First of all, this racket is not head-heavy. Like I said earlier on, if you think this is a Z-Force 2 replacement, it's not. It's actually quite head light! So much so that I think it's head-lighter than the Arcsaber 11 Pro and perhaps around the same head weight as the Arcsaber 7 Pro. Or maybe even just a touch head lighter than the 7 Pro.
When I first switched from my usual Astrox 88D Pro to the Nanoflare 1000Z, I immediately noticed the difference in head weight, and the difference is really significant. However, because of its head-lightness, the Nanoflare 1000Z is fast, very fast.
But speed is not its biggest attraction. The Nanoflare 1000Z feels so crispy! It's down to that extra stiff shaft with the smaller, stiffer, fast frame. Because I was coming from my Astrox 88D Pro with strings that were pretty well bedded in, the 1000Z’s super responsive and sharp feel threw me off a little. I had to relearn my gripping timing as everything just shoots off incredibly quickly as soon as the shuttle comes in contact with the string. Granted, I played with the Nanoflare 1000Z a day after I had strung it so the strings were very fresh and hadn't had the time to bed in.
If you’re familiar with Formula 1 analogies, this Nanoflare 1000Z is an oversteery racket with super sharp response whereas the Astrox and Arcsabers are generally understeery rackets with milder responses. For non-Formula 1 fans, I likened the freshly strung-tight Nanoflare 1000Z to playing with a ping pong ball on a squash court. That ping pong ball is gonna shoot off crazy fast as soon as you come into contact with it. I cannot imagine how incredible the repulsion performance will be if paired with the Exbolt 65 --- I might experiment with this once I break my Aerobite strings.
So my first 2 hours of singles with the Nanoflare 1000Z weren't too great as I struggled to control the shuttle and everything just shot off the racket, especially any holding and flicking at the front court. Anything off the sweet spot will die and you can't get out of trouble. I did not notice the smaller head size at all but did notice the difference in timing needed for my shots. If you catch it right, brilliant, if you catch it wrong, ouch.
Because of how responsive the racket was, holding the racket handle at different lengths had such a big impact on me. I would hold a racket with my thumb around the cone area for serving, and for any rear-court shots, I would move my grip towards the back of the racket for more leverage.
Due to its low head weight, the Nanoflare 1000Z in 4U might not be the easiest racket to play with in singles as you will need to generate a lot of power through clean technique yourself. So do bear in mind that if you are not technically very strong, you will not be able to generate much power with it.
A few days after my first testing session, I did another round of testing. This time, I tested it in a couple of doubles games, and was immediately blown off my feet! It was so lovely and so much fun!! As it's such as fast racket with a crisp response, it was excellent and I felt a stark difference from the experience I had with my initial 2 hours of singles. Granted, I felt myself really wanting just that little bit more head heaviness to the Nanoflare 1000Z as it will add some stability to my shots, especially those off-sweet spot shots so I added a few strips of my Premium Racket Protection Tape and voila, it did the job.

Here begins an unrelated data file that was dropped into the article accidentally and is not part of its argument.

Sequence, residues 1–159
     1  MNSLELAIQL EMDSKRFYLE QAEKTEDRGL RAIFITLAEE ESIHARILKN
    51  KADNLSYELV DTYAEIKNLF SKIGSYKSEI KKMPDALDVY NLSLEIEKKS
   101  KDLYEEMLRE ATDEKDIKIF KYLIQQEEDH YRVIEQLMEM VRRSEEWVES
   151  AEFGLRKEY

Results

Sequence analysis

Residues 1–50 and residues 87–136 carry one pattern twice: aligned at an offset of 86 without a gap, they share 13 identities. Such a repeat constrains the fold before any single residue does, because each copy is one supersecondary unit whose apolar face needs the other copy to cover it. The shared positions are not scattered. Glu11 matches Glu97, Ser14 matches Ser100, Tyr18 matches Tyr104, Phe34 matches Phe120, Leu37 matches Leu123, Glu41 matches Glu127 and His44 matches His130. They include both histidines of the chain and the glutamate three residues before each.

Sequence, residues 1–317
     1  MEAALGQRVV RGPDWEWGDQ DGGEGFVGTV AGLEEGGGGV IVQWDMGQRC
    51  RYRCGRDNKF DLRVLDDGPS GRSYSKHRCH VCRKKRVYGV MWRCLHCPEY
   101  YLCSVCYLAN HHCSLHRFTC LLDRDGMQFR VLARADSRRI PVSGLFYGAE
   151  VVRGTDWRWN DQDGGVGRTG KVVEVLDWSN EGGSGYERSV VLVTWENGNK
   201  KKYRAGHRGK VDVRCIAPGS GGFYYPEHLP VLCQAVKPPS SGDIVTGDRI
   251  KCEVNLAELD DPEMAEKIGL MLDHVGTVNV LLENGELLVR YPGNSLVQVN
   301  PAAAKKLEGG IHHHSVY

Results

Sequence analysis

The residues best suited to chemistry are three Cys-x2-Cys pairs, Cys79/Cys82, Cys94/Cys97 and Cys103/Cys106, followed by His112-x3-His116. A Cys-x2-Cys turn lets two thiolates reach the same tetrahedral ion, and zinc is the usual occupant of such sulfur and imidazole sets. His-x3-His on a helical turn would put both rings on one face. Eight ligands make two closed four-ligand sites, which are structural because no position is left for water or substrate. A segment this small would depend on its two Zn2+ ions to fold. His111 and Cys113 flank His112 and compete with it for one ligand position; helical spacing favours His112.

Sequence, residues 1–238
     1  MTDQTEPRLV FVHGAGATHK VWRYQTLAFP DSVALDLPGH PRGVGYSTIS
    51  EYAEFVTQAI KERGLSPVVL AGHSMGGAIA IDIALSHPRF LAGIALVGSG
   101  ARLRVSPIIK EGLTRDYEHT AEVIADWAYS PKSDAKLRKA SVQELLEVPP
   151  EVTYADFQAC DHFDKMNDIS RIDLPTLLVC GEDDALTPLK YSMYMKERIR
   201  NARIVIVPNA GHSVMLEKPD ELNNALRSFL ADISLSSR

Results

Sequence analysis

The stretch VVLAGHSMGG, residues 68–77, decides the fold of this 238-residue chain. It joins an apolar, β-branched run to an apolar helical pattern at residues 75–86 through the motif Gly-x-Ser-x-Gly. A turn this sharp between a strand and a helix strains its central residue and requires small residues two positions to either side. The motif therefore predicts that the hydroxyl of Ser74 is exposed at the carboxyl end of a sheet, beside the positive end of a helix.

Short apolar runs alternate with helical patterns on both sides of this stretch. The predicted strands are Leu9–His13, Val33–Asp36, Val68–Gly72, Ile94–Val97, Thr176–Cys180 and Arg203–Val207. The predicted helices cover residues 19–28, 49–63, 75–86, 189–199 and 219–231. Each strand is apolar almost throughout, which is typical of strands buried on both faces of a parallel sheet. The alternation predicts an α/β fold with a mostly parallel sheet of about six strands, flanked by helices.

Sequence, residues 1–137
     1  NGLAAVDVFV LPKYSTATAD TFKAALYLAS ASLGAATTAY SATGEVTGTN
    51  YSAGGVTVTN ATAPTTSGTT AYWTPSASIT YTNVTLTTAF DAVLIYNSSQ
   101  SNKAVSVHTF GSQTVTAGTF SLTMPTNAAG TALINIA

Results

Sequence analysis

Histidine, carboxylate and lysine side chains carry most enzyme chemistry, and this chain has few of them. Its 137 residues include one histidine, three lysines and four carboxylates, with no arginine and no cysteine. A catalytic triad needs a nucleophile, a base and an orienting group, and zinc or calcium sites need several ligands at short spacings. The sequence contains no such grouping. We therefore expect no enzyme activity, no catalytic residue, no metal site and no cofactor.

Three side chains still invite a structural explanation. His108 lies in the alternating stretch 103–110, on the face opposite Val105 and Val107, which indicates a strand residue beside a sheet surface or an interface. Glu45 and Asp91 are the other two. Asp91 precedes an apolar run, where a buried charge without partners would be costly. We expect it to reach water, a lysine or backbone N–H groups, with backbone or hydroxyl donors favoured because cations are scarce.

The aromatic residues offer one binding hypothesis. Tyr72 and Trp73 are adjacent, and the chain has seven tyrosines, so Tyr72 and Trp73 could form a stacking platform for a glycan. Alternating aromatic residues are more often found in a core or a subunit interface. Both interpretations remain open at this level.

You can clearly see how much shuttle this racket has seen with the amount of scuffs, nicks and even paint from stencil inks on the shuttle corks onto the protection tapes. If you really like stiff, very responsive, fast racket then you will absolutely love the Nanoflare 1000Z. Defence and counterattacking with this racket are so lovely, especially when you get the bite of the shuttle. I think you’ll enjoy that perfectly timed drive to your opponent's court next time playing with this. I’m not too sure it's the easiest singles racket to play with although you will love this for doubles!
By the time I got to the 6th or 7th hour of playing with the Nanoflare 1000Z, I have become a fan of the racket. Once my strings had the time to calm down and bed in, it was a lot better as I was able to feel the bite of the shuttle instead of them just pinging off like crazy initially. Even off-centre shots become a lot more manageable.
So here’s my advice for those of you who are looking to purchase the Nanoflare 1000Z. As with all other previous Z series rackets, you will face a steep learning curve before you get the hang of it. If you are not used to very crispy and responsive rackets, try dropping a pound or two on your string tension. This will give you a better chance at controlling the shuttle when you are playing with this racket. Otherwise, be prepared to struggle in your first session with fresh strings as you will find that everything shoots off rapidly.
Furthermore, as with all stiff rackets and strings, they are demanding when it comes to their players' physicality, technique and timing. So if you are not particularly strong or skilled, I would, again, recommend dropping a couple of pounds on your strings to start with.
Overall, out of all the Z series rackets that I’ve had (and mind you, I have owned every single Z series racket that Yonex has ever produced), the Nanoflare 1000Z is the best thus far. I really love its speed, stiffness and crisp response. I’m hoping to get my hands on a 3U model to test and see if it's any better at singles. Would the 3U weight class lose the racket some of its speed? Watch this space!